The legislation which was passed by the state senate earlier this week following an agreement between The Left Party, the Social Democrats and the Green Party, applies to 1.5 million apartments in the city.
It limits rents to a maximum of €9.80 per square metre excluding bills, at a time when the current average rent stands at €11.60.
Tenants will also be able to sue landlords to reduce rents if they are above the cap, while landlords face restrictions on their ability to raise prices
Although the legislation still requires state parliament approval, it is expected to come into force at the beginning of 2020.
Katrin Lompscher, the senator for urban development and housing who proposed the legislation, said it was “good news for Berliners”.
She added: “In the next five years, tenants no longer have to fear losing the roof over their heads due to exincorbitant rent increases or high modernization costs."
Berlin, which was known for low rents after the wall came down in 1989, has seen sharp rises in prices since the 1990s and now has the lowest rate of home ownership in Germany, at just 18 per cent.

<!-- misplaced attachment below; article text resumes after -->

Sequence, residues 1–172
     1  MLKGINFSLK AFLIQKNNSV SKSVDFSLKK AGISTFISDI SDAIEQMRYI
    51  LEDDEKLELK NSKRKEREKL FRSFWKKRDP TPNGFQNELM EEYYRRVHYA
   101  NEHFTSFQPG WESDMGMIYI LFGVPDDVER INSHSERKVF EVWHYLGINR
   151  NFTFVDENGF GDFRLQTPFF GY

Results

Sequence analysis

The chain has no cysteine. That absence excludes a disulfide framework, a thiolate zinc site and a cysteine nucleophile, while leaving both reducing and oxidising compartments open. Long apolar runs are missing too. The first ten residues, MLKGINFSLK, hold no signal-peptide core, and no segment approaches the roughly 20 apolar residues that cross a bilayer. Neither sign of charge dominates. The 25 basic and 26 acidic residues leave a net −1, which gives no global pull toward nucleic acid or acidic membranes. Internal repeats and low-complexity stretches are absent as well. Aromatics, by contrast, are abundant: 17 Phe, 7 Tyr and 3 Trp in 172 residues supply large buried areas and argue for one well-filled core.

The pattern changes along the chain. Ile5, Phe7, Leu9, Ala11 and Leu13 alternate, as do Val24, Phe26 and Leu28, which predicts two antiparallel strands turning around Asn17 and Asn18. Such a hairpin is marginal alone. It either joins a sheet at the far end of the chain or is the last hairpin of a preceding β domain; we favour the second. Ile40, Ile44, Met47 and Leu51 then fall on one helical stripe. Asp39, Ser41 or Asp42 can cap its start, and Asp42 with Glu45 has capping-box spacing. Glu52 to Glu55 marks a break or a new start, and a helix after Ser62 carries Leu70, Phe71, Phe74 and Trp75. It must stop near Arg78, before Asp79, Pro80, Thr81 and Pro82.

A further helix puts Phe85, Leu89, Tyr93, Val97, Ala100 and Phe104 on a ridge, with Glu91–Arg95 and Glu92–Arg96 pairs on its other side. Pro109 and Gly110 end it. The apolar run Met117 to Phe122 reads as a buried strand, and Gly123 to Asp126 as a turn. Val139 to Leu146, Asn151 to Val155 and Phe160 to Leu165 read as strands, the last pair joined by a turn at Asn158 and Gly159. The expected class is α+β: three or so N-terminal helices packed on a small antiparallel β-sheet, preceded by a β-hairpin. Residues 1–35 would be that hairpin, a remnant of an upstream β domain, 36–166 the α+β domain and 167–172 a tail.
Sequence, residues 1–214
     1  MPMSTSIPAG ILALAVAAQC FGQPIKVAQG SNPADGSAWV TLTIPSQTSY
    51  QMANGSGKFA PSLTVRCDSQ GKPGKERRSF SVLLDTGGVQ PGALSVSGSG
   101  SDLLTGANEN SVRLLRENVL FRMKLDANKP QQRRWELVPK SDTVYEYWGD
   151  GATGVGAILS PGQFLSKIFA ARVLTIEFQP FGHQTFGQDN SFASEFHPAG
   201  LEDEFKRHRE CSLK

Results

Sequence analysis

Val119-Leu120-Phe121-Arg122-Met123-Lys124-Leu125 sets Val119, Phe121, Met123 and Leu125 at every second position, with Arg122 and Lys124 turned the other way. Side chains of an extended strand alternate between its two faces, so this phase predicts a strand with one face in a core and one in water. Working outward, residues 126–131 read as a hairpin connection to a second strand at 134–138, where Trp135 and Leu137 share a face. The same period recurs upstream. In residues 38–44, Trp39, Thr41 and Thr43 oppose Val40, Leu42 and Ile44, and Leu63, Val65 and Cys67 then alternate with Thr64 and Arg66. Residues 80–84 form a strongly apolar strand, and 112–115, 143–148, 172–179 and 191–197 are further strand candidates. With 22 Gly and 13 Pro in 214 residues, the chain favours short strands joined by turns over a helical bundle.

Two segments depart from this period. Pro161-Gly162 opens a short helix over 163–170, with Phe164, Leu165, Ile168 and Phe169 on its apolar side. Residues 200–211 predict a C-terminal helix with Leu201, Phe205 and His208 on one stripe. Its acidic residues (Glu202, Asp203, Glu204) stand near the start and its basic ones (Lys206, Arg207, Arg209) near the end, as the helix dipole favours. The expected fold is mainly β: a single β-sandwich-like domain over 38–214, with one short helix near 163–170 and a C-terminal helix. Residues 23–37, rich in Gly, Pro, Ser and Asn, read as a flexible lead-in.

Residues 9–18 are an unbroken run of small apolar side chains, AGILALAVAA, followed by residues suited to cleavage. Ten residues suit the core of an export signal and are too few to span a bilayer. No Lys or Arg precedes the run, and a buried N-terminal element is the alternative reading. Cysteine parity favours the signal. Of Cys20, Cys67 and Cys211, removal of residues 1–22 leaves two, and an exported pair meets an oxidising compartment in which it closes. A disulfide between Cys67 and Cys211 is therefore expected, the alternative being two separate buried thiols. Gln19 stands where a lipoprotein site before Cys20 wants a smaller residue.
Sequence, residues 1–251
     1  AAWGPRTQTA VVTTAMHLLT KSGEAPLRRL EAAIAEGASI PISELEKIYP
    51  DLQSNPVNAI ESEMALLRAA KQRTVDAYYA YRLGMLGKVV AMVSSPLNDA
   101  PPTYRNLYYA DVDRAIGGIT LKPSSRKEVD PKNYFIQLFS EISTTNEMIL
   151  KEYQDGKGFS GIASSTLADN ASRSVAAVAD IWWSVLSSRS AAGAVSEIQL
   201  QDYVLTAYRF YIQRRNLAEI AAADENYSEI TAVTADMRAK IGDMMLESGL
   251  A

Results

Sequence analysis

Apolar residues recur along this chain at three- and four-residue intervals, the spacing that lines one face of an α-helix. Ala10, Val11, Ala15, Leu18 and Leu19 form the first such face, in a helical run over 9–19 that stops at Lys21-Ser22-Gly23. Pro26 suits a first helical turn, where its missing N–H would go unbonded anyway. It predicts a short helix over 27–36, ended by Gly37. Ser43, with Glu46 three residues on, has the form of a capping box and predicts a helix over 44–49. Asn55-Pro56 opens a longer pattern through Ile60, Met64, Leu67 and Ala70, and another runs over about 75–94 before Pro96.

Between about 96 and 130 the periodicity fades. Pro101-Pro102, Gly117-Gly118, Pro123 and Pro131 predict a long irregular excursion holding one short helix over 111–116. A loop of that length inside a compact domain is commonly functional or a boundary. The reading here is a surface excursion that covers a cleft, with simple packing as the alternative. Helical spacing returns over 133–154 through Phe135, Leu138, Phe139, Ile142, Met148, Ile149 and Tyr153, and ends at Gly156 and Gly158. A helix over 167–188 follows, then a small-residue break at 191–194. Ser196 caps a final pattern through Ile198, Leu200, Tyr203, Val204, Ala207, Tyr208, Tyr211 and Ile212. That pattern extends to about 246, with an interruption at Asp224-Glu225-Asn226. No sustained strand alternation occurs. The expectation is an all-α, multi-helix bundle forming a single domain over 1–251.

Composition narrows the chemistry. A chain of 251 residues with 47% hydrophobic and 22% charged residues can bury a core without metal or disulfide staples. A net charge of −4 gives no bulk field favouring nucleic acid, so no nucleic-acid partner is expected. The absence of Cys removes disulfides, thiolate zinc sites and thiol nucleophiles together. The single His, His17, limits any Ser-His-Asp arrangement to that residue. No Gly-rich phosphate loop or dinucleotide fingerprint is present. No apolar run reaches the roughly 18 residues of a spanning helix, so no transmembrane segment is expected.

Many have been forced to move out into the suburbs.
By 2016 the lack of affordable housing prompted the city government to pass legislation aimed at preventing apartments being left empty by property speculators or rented out to tourists using Airbnb and other services.
The latest legislation sets out a “rent table” with different limits set depending on when the property was built, beginning at €3.92 per square metre for pre-1918 properties with heating and without a bath.
It does not apply to new buildings constructed since 2014 and permits increases for “modernisation measures” and in case of economic hardship of the landlord.
However, the real estate industry and opposition politicians have criticised the bill, suggesting that the government should instead focus on the construction of new apartments.
Some experts also suggested it would encourage a black market in housing and discourage landlords from maintaining their properties.
“Then the plaster crumbles from the ceiling and the bathroom looks like hell,” Harald Simons, director of the Empirica research institute, told The Local website.
Similar legislation has been passed in other cities and countries around the world, including New York, California, Canada, Madrid, Barcelona and Amsterdam.
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